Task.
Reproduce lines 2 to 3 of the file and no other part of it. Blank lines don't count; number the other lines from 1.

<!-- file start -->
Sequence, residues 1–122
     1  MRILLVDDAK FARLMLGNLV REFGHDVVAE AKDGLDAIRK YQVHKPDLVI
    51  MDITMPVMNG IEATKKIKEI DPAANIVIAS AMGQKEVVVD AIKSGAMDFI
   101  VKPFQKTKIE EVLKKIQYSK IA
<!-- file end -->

     1  MRILLVDDAK FARLMLGNLV REFGHDVVAE AKDGLDAIRK YQVHKPDLVI
    51  MDITMPVMNG IEATKKIKEI DPAANIVIAS AMGQKEVVVD AIKSGAMDFI